The twinkling bells and slight flourishes of synth textures smooth out the sharpened beats and cutting electronica that give Argento Nights a unique sound. Songs such as ‘Come Back To Mine’ find Everything Shook playing with this collision of musical elements by giving a notable pop edge to the songwriting.
Everything Shook delve further into the darker, brooding possibilities of their own music with ‘Misericord’, which uses a strong rhythmical background and long-held synth notes to create a sense of tension. This is once again explored in the chiming bells and popping beats of Argento Nights’ closing track ‘I Walked Past Your House’.
There is a sense of malaise to the music of Argento Nights. The entire E.P. moves with a slow, yet purposeful growl that speaks of Everything Shook’s rejection of conformity. Indeed the record adamantly sets itself apart, and seeks to be taken on its own terms, resulting in the trio constructing something unique and undefinable.
Some will find the nihilism and punkish electronic sound of Argento Nights hard to break down at first; the E.P. definitely broods in an abrasive way, but once that connection is made the record is an ultimately rewarding listen for its inventiveness and individuality alone.
Introducing: Everything Shook
Featuring Jessica Kennedy and Aine Stapleton, from You Can Call Me Frances, and Robyn Bromfield – a.k.a Catscars – Everything Shook have managed to combine elements of these projects rather cursively on their debut EP; Argento Nights. Keyboards, synths and glockenspiel as well as a wide variety of sound effects courtesy of Bromfield’s Korg DS, are ever present throughout the EP and when you add in the girls’ haunting harmonising, Everything Shook’s opening chapter keeps you guessing. A countdown-like synth kicks off ‘I Walked Past Your House’, a track that reveals a particularly discerning observational account of one night, containing lines such as: “overwhelmed by the moonlight/I became a waterfall of fright” and “dread in my whole body”. As murky as those lyrics may be, the song also highlights the impressive vocal attributes of the trio, who harmonise effortlessly throughout. ‘Come Back To Mine’ is heavier on the synth and keyboard sounds and it also contains more of an electro-pop vibe to ‘I Walked Past Your House’. Vocal duties are a little harder to pin down however, with every other line having a seemingly different singer, though the chorus of: “cool ye/boil ye/bake ye” sees all three back in sync. Final track ‘Misericord’ is the weakest of the three efforts, with some of the sound effects sounding forced and like they could accompany a cartoon villain’s entrance! There’s an eerie feel to Kennedy’s keyboard playing, while the bass is so low in the mix it’s easily missed so here it feels a little light weight. The band’s brand of minimal electro-pop may contain the odd dark lyrical theme or two, but by adding some rather quirky instrumentation to proceedings they have managed to bring a unique element to the genre.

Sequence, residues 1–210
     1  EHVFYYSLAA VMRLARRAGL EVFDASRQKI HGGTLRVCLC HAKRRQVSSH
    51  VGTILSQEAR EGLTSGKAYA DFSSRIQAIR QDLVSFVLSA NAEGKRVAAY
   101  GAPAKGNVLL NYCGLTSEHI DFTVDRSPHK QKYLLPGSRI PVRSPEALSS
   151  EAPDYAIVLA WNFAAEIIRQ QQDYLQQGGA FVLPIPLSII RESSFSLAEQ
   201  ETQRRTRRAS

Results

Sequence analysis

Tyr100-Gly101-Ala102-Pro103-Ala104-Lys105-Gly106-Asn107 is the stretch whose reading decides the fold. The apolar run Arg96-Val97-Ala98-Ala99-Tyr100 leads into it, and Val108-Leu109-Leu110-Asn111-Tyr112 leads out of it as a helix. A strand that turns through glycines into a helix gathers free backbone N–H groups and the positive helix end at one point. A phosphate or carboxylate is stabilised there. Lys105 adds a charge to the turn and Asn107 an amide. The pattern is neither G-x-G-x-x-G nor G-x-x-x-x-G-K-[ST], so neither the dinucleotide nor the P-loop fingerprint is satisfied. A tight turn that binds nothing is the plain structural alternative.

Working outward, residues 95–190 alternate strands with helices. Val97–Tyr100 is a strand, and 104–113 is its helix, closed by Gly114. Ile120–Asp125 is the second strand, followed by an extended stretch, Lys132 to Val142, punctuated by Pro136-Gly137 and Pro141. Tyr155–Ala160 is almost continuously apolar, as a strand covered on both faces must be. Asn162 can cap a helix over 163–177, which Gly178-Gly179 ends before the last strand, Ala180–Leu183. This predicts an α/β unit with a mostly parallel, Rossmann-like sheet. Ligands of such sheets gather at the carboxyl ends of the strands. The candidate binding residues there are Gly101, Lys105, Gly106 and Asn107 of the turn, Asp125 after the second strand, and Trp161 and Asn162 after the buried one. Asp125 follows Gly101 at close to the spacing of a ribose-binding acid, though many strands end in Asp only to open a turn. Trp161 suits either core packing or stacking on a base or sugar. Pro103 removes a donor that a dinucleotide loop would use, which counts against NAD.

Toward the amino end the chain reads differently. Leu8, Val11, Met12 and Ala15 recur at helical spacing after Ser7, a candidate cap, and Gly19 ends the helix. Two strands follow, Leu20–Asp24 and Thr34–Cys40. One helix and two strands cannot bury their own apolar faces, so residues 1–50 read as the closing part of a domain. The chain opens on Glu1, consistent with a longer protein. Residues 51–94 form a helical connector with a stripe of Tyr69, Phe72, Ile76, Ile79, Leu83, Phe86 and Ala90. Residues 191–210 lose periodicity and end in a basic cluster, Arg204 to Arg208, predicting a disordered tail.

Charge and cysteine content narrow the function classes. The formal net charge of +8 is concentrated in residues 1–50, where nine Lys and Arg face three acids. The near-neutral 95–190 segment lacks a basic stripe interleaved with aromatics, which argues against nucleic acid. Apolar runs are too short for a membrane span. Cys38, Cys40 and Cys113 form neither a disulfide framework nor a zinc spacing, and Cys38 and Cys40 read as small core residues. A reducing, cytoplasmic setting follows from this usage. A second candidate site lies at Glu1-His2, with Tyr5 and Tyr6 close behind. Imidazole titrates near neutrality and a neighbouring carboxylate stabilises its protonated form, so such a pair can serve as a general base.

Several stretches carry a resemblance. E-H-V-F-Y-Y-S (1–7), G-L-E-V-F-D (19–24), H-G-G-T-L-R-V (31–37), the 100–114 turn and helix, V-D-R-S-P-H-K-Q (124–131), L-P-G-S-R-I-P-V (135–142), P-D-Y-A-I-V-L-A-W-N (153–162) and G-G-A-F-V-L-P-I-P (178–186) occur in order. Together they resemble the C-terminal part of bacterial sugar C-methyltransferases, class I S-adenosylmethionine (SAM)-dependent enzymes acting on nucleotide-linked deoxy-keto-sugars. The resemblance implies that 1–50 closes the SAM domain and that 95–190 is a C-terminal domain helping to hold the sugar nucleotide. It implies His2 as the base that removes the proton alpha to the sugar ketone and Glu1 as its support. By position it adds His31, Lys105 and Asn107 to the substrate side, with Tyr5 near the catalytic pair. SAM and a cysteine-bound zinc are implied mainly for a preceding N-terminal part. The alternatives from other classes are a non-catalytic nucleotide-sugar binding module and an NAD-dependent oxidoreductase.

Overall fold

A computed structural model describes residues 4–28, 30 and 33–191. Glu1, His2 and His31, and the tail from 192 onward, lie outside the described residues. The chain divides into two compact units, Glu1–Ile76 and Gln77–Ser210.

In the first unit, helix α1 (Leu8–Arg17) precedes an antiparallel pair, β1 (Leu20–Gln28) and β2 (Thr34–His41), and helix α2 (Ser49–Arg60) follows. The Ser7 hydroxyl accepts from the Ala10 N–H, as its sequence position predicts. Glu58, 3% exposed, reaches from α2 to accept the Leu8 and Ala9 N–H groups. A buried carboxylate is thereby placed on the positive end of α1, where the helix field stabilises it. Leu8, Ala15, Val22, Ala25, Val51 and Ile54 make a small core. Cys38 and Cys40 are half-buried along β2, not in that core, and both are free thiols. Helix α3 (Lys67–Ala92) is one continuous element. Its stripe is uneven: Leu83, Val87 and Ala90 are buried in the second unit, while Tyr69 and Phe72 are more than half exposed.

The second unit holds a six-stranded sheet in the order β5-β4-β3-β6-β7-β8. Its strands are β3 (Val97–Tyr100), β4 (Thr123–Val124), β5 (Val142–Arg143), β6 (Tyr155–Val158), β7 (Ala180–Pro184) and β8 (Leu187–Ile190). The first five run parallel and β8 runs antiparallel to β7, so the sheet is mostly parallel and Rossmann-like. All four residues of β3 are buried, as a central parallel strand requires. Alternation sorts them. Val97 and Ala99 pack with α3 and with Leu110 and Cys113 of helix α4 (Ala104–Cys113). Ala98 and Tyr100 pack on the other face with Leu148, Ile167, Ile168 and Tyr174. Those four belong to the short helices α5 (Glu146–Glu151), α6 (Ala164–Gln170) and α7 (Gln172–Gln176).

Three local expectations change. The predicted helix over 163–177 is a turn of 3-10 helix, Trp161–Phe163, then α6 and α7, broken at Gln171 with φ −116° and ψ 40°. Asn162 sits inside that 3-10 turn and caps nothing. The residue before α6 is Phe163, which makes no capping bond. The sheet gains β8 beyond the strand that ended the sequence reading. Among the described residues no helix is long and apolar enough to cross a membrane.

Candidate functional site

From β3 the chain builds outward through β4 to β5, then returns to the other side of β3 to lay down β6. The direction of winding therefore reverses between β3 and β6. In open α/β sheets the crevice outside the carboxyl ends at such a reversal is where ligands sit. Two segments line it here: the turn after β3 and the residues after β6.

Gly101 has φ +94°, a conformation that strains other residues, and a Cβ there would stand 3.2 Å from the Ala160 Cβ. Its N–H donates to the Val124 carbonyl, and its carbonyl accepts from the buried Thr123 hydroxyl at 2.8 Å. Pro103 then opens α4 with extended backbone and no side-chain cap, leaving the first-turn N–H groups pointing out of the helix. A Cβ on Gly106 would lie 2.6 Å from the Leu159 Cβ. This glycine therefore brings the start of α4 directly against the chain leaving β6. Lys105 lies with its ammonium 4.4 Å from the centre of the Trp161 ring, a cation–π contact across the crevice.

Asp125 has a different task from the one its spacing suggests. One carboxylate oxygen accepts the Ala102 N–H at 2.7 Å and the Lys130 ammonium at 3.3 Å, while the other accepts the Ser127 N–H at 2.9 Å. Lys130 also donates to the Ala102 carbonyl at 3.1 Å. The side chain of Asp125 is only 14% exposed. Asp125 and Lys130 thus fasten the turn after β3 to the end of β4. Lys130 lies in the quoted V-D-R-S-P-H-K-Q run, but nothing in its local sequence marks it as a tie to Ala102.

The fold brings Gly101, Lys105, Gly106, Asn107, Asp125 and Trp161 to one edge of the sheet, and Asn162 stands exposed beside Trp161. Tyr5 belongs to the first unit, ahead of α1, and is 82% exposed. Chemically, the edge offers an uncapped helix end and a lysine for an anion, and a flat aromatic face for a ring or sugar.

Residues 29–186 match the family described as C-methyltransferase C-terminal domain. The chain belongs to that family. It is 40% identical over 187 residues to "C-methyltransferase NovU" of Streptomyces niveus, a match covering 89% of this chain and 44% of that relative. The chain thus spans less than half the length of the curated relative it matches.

Indicative of the weird and wonderful experience that Body & Soul delivers are Everything Shook, a trio of dance-punk unknowns who play the bijou Pagoda stage with nonchalant abandon. They disappear almost as quickly as they arrive – ‘This is our third and also final song’ – but with shade of Kraftwerk, they leave a lingering impression on the few that witness them, not least when they deploy a food blender at one point to complete their idiosyncratic, synth-laden sound.